Implementation of a Multidisciplinary Guideline for Low Back Pain: Process-Evaluation Among Health Care Professionals

Arnela Suman, Frederieke G. Schaafsma*, Rachelle Buchbinder, Maurits W. van Tulder, Johannes R. Anema

*Corresponding author for this work

Research output: Contribution to journalArticleAcademicpeer-review

Abstract

Background To reduce the burden of low back pain (LBP) in the Netherlands, a multidisciplinary guideline for LBP has been implemented in Dutch primary care using a multifaceted implementation strategy targeted at health care professionals (HCPs) and patients. The current paper describes the process evaluation of the implementation among HCPs. Methods The strategy aimed to improve multidisciplinary collaboration and communication, and consisted of 7 components. This process evaluation was performed using the Linnan and Steckler framework. Data were collected using a mixed methods approach of quantitative and qualitative data. Results 128 HCPs participated in the implementation study, of which 96 participated in quantitative and 21 participated in qualitative evaluation. Overall dose delivered for this study was 89 %, and the participants were satisfied with the strategy, mostly with the multidisciplinary approach, which contributed to the mutual understanding of each other’s disciplines and perspectives. While the training sessions did not yield any new information, the strategy created awareness of the guideline and its recommendations, contributing to positively changing attitudes and aiding in improving guideline adherent behaviour. However, many barriers to implementation still exist, including personal and practical factors, confidence, dependence and distrust issues among the HCPs, as well as policy factors (e.g. reimbursement systems). Conclusions The data presented in this paper have shown that the strategy that was used to implement the guideline in a Dutch primary care setting was feasible, especially when using a multidisciplinary approach. However, identified barriers for implementation have been identified and should be addressed in future implementation.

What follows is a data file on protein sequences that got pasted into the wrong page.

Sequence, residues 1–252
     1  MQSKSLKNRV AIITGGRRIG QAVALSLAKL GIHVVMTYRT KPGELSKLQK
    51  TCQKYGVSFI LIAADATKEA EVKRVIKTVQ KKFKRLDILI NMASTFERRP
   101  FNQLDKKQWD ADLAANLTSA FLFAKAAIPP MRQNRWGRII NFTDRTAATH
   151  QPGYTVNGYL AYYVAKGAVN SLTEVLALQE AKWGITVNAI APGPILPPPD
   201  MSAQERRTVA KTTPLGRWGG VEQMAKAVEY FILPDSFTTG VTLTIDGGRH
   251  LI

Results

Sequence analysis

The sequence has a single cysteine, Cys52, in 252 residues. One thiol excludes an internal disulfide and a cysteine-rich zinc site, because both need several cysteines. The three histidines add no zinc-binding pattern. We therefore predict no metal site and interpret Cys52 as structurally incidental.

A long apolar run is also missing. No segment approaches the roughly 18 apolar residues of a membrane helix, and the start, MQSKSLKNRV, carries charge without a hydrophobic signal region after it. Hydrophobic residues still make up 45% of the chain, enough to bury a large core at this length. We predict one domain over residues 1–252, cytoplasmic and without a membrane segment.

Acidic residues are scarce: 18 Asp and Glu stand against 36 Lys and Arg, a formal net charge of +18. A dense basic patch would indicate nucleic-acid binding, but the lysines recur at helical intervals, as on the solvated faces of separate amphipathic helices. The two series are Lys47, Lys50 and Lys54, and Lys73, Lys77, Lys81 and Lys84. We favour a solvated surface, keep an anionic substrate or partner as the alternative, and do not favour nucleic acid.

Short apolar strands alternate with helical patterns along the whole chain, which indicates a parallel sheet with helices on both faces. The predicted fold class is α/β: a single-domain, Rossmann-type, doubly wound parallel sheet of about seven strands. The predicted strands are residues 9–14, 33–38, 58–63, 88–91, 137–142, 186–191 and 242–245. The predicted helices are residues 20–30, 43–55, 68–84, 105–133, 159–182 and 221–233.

Original languageEnglish
Pages (from-to)422-433
Number of pages12
JournalJournal of Occupational Rehabilitation
Volume27
Issue number3
DOIs
Publication statusPublished - 1 Sep 2017

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